Meridian Star

August 28, 2013

Rededication of jet Thursday

By Brian Livingston /
The Meridian Star

MERIDIAN — For decades the jet on static display weathered all sorts of storms and extreme summer heat. It even became a haven for swarms of wasps as it sat perched upon its pedestal.

    Thursday morning, the jet, a T-2 Buckeye christened "The Spirit of Meridian" will be rededicated in its former glory of flying colors it displayed while streaking across the skies of eastern Mississippi and NAS Meridian.

    According to Casey Null, cultural affairs coordinator for the City of Meridian, the ceremony will begin at 9 a.m. at the static display situated between John O'Neil Johnson Toyota and East Mississippi Electric Power Association on Highway 39 North. Everyone is invited to attend the ceremony.

    The North American T-2 Buckeye was the United States Navy's intermediate training aircraft, intended to introduce U.S. Navy and U.S. Marine Corps Student Naval Aviators and Student Naval Flight Officers to jets. It entered initial service in 1959, and was replaced by the T-45 Goshawk in 2008.

    The jet received the extreme makeover thanks in large part to its tenant sponsor, EMEPA, The Area Navy League of Meridian, the City of Meridian and other donors. Lamar McDonald, who is a leader locally and statewide in supporting the state's military bases, said the makeover was intended to bring back the jet's original paint scheme.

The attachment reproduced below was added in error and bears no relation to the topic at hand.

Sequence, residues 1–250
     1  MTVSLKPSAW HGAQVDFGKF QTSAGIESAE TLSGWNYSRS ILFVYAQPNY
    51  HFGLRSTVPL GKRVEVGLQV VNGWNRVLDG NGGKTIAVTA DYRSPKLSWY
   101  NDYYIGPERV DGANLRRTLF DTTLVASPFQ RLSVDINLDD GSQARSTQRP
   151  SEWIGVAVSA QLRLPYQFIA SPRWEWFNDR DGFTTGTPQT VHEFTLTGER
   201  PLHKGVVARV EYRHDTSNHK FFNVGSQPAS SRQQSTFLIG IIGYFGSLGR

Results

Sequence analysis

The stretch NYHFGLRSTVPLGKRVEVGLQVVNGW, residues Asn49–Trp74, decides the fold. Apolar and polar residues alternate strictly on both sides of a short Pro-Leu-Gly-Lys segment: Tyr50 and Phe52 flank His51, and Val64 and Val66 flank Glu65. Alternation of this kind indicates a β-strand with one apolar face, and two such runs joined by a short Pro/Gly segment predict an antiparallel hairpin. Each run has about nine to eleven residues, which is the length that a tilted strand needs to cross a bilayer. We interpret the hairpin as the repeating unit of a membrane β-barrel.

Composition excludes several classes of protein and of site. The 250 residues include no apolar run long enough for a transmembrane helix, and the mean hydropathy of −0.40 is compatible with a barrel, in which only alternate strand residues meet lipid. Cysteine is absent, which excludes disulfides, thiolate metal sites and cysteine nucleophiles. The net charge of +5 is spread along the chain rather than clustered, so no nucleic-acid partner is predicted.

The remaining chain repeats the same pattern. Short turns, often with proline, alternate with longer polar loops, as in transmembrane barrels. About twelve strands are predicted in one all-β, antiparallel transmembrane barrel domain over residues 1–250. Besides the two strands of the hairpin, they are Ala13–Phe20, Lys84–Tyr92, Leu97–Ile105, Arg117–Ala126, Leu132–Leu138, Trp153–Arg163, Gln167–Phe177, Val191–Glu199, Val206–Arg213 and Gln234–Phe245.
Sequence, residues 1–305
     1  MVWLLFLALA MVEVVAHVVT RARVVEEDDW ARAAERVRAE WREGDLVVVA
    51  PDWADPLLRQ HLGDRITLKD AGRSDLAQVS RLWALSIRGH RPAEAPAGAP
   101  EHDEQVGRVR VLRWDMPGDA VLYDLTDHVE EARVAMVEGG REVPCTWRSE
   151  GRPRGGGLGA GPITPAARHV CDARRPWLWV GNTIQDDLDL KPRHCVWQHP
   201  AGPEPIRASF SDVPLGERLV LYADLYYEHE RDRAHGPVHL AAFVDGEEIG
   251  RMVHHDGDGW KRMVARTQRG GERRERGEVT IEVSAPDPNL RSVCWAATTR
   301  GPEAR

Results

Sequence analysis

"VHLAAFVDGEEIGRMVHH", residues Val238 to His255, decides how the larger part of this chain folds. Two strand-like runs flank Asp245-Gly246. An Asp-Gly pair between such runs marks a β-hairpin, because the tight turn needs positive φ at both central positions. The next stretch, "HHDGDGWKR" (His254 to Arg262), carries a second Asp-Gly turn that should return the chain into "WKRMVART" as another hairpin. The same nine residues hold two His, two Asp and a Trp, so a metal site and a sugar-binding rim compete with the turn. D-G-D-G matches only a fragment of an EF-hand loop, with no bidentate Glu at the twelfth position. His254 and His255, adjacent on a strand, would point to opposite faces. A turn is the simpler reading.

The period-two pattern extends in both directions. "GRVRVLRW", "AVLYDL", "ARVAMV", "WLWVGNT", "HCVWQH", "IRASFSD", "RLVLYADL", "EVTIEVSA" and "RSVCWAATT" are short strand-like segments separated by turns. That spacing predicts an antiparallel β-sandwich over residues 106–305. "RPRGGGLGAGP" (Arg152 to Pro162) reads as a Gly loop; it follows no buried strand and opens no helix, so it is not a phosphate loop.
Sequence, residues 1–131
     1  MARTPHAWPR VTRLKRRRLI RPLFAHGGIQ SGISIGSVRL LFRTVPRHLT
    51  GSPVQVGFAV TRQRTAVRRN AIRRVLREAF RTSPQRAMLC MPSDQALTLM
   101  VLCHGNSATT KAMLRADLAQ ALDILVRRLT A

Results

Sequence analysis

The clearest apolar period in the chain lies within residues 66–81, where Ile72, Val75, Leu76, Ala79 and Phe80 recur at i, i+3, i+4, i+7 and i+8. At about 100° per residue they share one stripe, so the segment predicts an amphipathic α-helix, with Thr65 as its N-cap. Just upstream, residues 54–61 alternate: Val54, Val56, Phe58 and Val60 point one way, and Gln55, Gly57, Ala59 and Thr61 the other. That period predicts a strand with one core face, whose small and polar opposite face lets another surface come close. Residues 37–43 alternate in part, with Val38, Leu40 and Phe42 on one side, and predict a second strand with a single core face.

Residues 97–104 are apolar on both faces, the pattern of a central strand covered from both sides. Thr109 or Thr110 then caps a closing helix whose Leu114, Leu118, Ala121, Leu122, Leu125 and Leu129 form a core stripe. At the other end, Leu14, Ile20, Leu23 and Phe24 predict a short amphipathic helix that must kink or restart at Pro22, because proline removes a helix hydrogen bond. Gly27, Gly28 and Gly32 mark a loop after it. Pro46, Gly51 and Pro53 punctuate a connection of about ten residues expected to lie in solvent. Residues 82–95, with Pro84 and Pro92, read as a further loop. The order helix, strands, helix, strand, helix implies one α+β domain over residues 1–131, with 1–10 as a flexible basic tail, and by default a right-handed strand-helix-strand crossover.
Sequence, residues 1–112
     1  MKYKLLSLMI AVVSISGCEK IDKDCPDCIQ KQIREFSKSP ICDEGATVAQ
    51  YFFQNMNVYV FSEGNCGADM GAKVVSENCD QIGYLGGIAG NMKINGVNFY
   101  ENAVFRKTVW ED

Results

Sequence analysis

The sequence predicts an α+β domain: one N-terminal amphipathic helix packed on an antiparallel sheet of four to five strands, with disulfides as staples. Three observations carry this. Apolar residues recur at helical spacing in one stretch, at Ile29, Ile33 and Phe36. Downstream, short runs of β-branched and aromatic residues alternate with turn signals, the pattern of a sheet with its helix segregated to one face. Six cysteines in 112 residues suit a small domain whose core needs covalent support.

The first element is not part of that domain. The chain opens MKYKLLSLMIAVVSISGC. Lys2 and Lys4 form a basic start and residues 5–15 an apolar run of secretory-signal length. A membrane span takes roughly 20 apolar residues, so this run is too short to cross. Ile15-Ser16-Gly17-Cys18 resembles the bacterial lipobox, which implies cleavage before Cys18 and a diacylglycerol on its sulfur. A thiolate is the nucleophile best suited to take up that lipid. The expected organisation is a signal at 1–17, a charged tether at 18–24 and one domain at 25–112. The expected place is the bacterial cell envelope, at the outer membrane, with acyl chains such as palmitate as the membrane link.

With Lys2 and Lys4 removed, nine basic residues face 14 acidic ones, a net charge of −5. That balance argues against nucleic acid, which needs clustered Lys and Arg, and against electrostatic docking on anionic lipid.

"It just got to looking really bad," McDonald said. "It was time we got some folks together to put it back into good shape so it would reflect its proud heritage and that of NAS Meridian in training our nation's aviators."

    The jet is actually owned by the National Museum of Naval Aviation in Pensacola, Fla., the home of the Blue Angels flight demonstration team. The jet is on loan to Meridian and EMEPA is the leading sponsor of the display.

    McDonald said the cost of the refurbishing would run between $8,000 and $10,000. McDonald said an employee from the Navy base who paints the facility's jets did the primary paint work on the Buckeye.